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Last Updated: Thursday, 13 September 2007, 10:23 GMT 11:23 UK
Cancelled TV show goes to MySpace
Screen grab of the Quarterlife website
Quarterlife will also be streamed on a dedicated programme website
The award-winning producers of TV shows Thirtysomething and My So-Called Life are taking their latest project online, citing "frustration" at US TV networks.

Quarterlife, a drama about a group of recent graduates in Chicago, started as a pilot for ABC in 2005, but the network declined to make a full series.

But creators Marshall Herskovitz and Ed Zwick stuck with the idea, and the show will now debut on MySpace in November.

"We want to prove there is another way," Herskovitz said.

The producer, whose recent credits include films like Blood Diamond and Traffic, admitted the move was "a gamble" but said he was attracted by the chance to have full creative control.

"Ed and I have a great interest in being independent, and for several years, we've realised the internet offers that possibility," he told trade paper Variety.

Product placement

"When [we] did My So-Called Life and Thirtysomething, the network barely gave us any notes," he added.

"Now I have friends tell me that the network tells them what colour to make the walls."

Leonardo DiCaprio and Djimon Hounsou in Blood Diamond
Ed Zwick directed the Oscar-nominated film Blood Diamond
Social networking site MySpace will have exclusive rights to each of Quarterlife's 36 episodes for the first 24 hours, after which the video will appear on the show's own website.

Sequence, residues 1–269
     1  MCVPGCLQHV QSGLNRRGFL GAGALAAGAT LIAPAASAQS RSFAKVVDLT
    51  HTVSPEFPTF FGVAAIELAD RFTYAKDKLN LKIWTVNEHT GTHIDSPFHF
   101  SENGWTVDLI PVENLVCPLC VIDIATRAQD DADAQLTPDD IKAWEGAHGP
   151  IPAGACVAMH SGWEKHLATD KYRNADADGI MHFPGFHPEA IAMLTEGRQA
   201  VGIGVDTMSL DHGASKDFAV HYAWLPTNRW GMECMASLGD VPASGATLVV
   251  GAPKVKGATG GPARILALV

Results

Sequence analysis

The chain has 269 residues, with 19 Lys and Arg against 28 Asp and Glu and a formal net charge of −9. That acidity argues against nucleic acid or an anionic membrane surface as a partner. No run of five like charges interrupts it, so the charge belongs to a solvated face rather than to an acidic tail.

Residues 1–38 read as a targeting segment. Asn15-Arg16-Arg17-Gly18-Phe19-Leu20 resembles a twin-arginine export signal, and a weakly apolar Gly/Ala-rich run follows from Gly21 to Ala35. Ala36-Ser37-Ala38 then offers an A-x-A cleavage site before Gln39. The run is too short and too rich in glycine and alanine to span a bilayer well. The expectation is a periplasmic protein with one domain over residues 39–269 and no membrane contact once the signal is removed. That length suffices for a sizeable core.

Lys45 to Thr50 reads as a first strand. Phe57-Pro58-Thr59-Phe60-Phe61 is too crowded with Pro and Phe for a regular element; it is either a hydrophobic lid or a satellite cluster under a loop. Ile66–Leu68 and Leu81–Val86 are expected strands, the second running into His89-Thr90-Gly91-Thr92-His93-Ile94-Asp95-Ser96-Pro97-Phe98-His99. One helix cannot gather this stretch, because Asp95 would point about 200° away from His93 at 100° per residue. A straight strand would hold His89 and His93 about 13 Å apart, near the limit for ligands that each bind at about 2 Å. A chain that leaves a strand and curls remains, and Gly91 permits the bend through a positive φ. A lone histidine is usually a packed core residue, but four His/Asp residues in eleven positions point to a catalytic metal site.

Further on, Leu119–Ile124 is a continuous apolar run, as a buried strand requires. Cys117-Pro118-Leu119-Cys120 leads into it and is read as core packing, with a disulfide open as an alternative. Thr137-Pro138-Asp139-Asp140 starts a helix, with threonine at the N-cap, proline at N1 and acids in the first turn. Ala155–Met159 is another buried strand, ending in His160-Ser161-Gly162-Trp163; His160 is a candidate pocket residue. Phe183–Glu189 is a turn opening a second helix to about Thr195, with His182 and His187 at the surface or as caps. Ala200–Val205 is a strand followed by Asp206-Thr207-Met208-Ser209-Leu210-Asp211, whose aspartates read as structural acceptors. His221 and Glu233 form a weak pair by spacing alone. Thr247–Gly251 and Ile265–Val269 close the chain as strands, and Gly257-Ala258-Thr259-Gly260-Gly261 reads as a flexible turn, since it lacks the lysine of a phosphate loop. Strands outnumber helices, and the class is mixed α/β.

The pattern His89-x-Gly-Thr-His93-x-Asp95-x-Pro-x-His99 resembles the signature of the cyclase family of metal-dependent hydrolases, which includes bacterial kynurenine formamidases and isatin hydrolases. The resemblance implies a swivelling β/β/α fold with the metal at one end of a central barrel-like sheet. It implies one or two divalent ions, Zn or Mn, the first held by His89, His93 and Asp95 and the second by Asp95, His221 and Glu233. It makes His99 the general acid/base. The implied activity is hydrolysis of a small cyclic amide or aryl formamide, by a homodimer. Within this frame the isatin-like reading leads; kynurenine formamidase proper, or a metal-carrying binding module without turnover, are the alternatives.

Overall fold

The producers and MySpace will share revenue from adverts contained in the video stream. Additional revenue will come from product placement deals, Herskovitz said.

So far, about one hour of material has been shot, which will be divided into six or seven episodes.

Additional content, including character profiles, will also appear on MySpace, while scripts could be made available on the Quarterlife website for fans to make suggestions.

Quarterlife is not the first online series to be backed by Hollywood heavyweights.

Former Disney chief Michael Eisner produced an 80-episode high school drama, Prom Queen, which made its debut on MySpace earlier this year.

CBS television also commissioned the cult online comedy series Clark and Michael, featuring Superbad star Michael Cera.

But MySpace claims Quarterlife will be the first internet programme to have "network quality" production values - although its budget is likely to be much smaller than equivalent shows like Grey's Anatomy and Brothers and Sisters.

It debuts on 11 November.

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